At the end of a project, there are a couple of things you can do. You can hand the files or materials off to the client, a printer or upload them to a server. Then, you bill it and forget it.
A better idea is to conduct a follow-up meeting. Sales and building client relations are, or should be, an ongoing process. A follow-up meeting helps to enhance value, fortify trust and cement the relationship. It helps you do a better job next time around. It differentiates you from the other guys whose policy is: Do it, bill it and forget it.
Schedule a Follow-up Meeting
Those other guys are going to be spending a lot of time and money finding a steady stream of new clients, rather than leveraging their existing clients for additional business. The truth is in the Pareto Principle, also known as the 80/20 Rule. When applied to business, the Rule states that 80 percent of your business revenue comes from 20 percent of your clients.
It can cost up to five times more to land a new client than it does to build on your existing ones.
That little tidbit is a handy piece of information to mull over in your mind. To keep it company, here’s another factoid: It can cost up to five times more to land a new client than it does to build on your existing ones. Some sources go so far as to say 10 percent. Suddenly, it becomes apparent why you should foster and build on your current client relationships. The follow-up meeting is one tactic to help you do that. Continue Reading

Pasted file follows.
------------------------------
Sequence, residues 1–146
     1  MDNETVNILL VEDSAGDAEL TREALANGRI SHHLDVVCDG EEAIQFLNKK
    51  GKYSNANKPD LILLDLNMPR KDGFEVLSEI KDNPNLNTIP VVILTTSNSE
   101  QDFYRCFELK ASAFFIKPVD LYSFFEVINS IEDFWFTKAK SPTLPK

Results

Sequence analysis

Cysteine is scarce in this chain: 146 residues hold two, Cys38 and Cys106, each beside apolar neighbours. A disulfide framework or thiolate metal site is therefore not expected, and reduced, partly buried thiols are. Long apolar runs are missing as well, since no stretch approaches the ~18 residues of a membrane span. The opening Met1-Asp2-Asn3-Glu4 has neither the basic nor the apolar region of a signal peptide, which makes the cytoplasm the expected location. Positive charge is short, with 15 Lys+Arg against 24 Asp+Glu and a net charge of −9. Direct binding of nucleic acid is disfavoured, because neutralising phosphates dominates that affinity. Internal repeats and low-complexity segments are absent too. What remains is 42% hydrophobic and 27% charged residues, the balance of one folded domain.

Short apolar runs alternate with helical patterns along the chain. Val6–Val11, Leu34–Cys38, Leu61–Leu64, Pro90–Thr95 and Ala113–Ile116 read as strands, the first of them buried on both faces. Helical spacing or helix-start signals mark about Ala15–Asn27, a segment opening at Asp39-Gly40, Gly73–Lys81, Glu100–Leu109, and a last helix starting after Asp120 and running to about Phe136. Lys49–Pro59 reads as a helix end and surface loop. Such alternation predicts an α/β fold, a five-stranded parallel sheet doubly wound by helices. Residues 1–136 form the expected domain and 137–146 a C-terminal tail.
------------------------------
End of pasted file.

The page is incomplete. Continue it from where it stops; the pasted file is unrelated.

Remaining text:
When the project is over, it really isn’t.
You might breathe a sigh of relief, but there’s still much to be done. We hear a lot about how to land clients, estimating and managing projects, but the follow-up seems to get forgotten and that’s what this is series all about.
Over the next several posts, I’ll address getting organized for your follow-up, the follow-up meeting, billing, along with some techniques for gathering referrals and testimonials. This will give you some ideas, so you don’t find yourself pulling your hair out. Continue Reading
There’s some talk around the Web that email marketing is becoming a thing of the past due to the popularity of social networks. I beg to differ. Consider this: According to a recent Direct Marketing Association study, email marketing’s average return on investment (ROI) is a whopping $45.05 US for every dollar spent. That makes it the highest return of any marketing channel. Even other Internet marketing methods pale with an ROI of $19.94 for every dollar spent.
If an e-newsletter or or other email tool isn’t in your marketing toolbox, the above fact alone should pique your interest. Here are some other bits of information to excite your inner email marketer.